By: Rahaf Rifai
During the month of November, I was lucky enough to have represented the Dalia Association in the Urban Remedy training that took place in Berlin. The training revolved around a topic that I hold dear to my heart and is fundamentally interlinked with my work here at Dalia. The Urban Remedy training was regarding urban gardening and the mobilization of youth around these gardens. The amount of knowledge and experience shared during the training was amazing. I gained knowledge about various topics; from seeding, to sustainable gardening and to insects and microscopic beings. At first glance, these topics might appear distinct and not closely related to each other, but upon further examination, I was shocked and excited to see how these different topics were tightly related and depended on each other. What I also found quite interesting is that our community and society functions in a similar manner; you have to take care of all aspects because if one aspect flourishes others will follow suit, and if one aspect withers all aspects will be surely affected. That is why it is of vital importance to take care of the community and mobilize youth groups around something so satisfactory like urban gardening. Since it aids in empowering these groups and helps in their reintegration and rooting in society.
Moreover, the importance of the training isn’t only relevant in the seminar rooms but seeps easily into real life. For instance, in Palestine food sovereignty is immensely vital for us to get a hold of our recourses, and in order for us to properly benefit from our resources, we need to appreciate them especially our environmental ones, to know how to take care of them properly and lovingly, and to benefit from the endless bounties that our land has to offer. If we keep polluting the land and degrading its quality we will face morbid consequences. Additionally, in Palestine, there is a very serious problem regarding youth unemployment which creates frustration among the Palestinian youth. By engaging those youth around urban gardening the frustration will be lessened and we will be able to make a substantial segment in Palestine much more productive.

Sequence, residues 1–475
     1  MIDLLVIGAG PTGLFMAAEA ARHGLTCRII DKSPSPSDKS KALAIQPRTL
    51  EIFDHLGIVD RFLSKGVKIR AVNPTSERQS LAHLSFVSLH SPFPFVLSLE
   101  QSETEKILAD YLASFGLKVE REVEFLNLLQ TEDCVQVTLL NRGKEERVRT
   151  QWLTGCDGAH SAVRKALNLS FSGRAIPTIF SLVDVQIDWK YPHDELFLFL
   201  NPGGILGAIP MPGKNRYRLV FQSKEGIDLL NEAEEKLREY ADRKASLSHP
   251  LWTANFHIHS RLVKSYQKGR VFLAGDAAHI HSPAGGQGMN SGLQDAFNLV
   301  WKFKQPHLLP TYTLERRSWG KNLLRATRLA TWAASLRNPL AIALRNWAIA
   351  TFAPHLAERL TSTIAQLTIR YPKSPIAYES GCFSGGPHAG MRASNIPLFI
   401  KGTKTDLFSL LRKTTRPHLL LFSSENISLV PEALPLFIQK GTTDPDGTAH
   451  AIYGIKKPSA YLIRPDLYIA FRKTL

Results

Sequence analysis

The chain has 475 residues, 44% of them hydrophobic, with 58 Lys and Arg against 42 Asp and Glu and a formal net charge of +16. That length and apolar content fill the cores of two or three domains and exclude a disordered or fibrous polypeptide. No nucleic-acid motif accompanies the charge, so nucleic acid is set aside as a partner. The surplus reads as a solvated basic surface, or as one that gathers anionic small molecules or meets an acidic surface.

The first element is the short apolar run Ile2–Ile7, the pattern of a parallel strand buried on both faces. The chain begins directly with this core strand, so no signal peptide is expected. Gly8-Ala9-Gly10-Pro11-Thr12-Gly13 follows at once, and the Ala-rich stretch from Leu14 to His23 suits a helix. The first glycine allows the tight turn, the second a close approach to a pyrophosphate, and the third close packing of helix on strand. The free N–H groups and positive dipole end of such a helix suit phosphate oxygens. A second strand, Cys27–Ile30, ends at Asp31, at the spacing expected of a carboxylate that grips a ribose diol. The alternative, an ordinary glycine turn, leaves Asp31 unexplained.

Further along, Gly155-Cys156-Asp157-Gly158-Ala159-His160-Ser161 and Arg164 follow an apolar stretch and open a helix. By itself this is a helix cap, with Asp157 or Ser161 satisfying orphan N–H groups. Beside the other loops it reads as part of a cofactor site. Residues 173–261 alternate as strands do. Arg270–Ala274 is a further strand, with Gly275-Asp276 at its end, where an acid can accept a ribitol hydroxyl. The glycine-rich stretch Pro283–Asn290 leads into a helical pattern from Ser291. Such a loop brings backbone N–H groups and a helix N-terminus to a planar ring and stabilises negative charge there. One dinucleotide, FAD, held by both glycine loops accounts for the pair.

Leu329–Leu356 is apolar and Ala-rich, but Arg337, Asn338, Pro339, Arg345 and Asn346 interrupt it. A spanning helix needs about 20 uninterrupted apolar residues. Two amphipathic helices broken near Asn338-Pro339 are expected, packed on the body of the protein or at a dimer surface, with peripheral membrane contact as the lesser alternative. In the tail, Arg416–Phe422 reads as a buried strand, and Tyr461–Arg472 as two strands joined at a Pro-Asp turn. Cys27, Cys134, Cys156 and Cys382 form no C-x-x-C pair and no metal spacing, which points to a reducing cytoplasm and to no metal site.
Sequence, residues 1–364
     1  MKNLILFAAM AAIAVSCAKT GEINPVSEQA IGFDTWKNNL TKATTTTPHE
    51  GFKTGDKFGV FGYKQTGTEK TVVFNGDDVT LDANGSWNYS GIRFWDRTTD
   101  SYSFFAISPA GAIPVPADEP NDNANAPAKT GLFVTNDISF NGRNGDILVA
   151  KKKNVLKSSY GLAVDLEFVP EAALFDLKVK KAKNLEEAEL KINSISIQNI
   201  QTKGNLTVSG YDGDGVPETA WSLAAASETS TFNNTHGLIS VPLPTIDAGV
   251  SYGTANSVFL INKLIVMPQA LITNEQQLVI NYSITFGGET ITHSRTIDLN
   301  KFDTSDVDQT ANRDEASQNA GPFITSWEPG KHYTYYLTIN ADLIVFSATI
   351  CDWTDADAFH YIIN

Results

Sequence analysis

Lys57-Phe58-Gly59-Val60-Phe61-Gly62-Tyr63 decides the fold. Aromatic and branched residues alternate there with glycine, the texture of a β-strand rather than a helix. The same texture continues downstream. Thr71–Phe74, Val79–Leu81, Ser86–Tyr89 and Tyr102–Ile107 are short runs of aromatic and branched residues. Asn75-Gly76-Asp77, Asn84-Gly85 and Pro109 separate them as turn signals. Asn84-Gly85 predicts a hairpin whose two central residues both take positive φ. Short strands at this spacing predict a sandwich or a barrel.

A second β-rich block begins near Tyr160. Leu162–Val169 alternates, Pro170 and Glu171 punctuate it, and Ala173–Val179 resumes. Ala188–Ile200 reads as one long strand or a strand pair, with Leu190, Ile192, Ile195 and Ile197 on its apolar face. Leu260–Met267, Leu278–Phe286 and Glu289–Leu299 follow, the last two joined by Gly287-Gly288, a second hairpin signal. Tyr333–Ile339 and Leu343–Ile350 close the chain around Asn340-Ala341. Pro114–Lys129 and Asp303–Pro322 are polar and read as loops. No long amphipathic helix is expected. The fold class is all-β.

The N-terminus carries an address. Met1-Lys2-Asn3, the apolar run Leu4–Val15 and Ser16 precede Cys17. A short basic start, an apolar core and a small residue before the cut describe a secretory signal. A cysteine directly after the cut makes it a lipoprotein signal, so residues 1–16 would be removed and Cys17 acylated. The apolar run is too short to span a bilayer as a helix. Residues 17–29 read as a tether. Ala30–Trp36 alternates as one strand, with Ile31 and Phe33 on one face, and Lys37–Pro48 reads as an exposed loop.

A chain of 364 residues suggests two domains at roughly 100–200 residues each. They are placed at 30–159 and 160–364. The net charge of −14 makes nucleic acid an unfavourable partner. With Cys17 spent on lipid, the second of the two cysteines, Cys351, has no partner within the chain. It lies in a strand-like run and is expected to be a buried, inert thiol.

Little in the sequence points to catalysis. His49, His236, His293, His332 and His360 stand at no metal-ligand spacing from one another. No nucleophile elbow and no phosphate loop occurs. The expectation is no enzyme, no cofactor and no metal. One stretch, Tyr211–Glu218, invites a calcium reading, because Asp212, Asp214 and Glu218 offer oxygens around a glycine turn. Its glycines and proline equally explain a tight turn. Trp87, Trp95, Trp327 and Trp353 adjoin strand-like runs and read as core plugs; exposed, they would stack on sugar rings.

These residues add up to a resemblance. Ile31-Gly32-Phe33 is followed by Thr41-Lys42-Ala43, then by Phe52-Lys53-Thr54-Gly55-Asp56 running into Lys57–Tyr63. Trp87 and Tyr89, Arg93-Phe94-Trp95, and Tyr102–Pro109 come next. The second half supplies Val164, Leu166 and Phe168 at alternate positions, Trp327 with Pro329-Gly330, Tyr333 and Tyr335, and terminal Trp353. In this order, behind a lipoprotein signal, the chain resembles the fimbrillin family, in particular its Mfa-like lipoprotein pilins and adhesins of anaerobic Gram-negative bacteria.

Lastly, I would like to take a step back from all the technicalities and speak in a less formal tone. When I first arrived at the venue I learned that the accommodation and the workplace are in the same floor, meaning that I will be spending every waking and non-waking hour (since we were six in the same room) with the same people over a period of ten days. And me being someone who valued my privacy, I braced myself and got ready for the battle ahead. How am I going to share the room with six more people? Why are we spending all this time together? I hope I won’t have a breakdown or be overwhelmed! All of these thoughts and more ran wild in my mind and they wouldn’t go away. UNTIL, I met the people that are participating in the training, and we shared so many things about our cultures and our lives that we as a group became so close in a matter of days. Living with this group of people was first an unimaginable thought, by the end of the training period, the idea of not having them around seemed unimaginable to me.
To sum everything up, during the ten days of training I gained fundamental knowledge, came up with amazing ideas and met amazing people. If there is one thing in common in all these things, it is keeping an open mind and an open heart in every situation, because the results can be either fascinating and enriching or boring and fading.